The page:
Legal Nigeria

Petrol Price: NNPC Douses Tension, Says No Increase Now

•Declares it has no intention of pre-empting ongoing engagement with labour

Peter Uzoh

The Nigerian National Petroleum Corporation (NNPC) has said it would maintain its current ex-depot price of petrol until the conclusion of an ongoing engagement with the organised labour and other stakeholders.

Speaking to reporters yesterday in Abuja, the Group General Manager, Group Public Affairs Division of NNPC, Dr. Kennie Obateru, said the corporation, at the moment, was bearing the burden of importing refined petroleum products, as the supplier of last resort, to guarantee energy security for the nation.

This development comes after NNPC’s Group Managing Director (GMD), Mele Kyari said the corporation could no longer bear subsidy in its books.

Shedding more light on the remarks by Kyari at the State House, Obateru stated that the NNPC had no intention to pre-empt ongoing engagement with labour by unilaterally increasing the ex-depot price of petrol.

He said as a proactive organisation, NNPC had made arrangements for robust stock of petroleum products in all its strategic depots across the country to keep the nation well supplied at all times.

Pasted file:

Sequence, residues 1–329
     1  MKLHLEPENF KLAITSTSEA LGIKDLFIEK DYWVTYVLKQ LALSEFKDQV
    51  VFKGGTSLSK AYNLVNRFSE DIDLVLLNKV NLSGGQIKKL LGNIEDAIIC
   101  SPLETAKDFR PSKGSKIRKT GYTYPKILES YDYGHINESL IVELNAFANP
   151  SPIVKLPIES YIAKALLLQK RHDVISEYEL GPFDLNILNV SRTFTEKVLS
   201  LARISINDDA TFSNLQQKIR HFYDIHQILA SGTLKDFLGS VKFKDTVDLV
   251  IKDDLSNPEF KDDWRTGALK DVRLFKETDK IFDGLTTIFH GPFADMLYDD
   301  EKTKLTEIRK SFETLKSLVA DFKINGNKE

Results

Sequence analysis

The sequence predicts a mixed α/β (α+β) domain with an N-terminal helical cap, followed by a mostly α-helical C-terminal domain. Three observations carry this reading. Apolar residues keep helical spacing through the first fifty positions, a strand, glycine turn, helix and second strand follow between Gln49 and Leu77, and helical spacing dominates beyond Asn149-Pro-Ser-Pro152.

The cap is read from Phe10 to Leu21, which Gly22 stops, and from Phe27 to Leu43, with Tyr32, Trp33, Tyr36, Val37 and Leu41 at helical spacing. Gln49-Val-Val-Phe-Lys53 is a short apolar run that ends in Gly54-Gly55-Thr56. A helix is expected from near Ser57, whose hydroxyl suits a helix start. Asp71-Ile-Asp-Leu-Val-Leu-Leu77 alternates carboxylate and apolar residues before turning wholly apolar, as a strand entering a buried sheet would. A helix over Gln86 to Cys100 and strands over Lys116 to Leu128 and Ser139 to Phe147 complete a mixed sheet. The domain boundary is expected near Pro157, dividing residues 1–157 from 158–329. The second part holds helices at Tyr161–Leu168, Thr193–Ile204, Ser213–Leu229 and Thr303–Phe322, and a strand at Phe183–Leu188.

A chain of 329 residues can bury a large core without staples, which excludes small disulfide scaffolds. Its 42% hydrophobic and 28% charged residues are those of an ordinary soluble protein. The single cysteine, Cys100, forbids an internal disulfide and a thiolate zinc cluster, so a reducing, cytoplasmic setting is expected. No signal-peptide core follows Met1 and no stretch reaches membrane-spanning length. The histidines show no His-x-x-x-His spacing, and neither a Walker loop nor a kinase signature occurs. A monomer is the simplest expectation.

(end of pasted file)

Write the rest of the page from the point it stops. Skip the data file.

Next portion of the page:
Obateru advised petroleum products marketers not to engage in arbitrary price increase or hoarding of petrol to avoid disrupting the market.

He also urged motorists not to engage in panic buying, stressing that NNPC was committed to ensuring energy security for the country as the supplier of last resort.

The national oil company’s spokesman assured marketers and all other relevant stakeholders in the downstream sector of sustainable collaboration in the public interest.

Speaking during a ministerial briefing on Thursday at the Presidential Villa, Abuja, Kyari said NNPC could no longer bear the burden of under-priced sales of premium motor spirit (PMS), better known as petrol, adding that the market price need to be implemented.

He said NNPC was paying between N100 and N120 billion a month to keep the pump price at the current levels.

“The price could have been anywhere between N211 and N234 to the litre. The meaning of this is that consumers are not paying for the full value of the PMS that we are consuming and therefore someone is paying that cost,” he had said.

“As we speak today, the difference is being carried in the books of NNPC and I can confirm to you that NNPC may no longer be in a position to carry that burden.”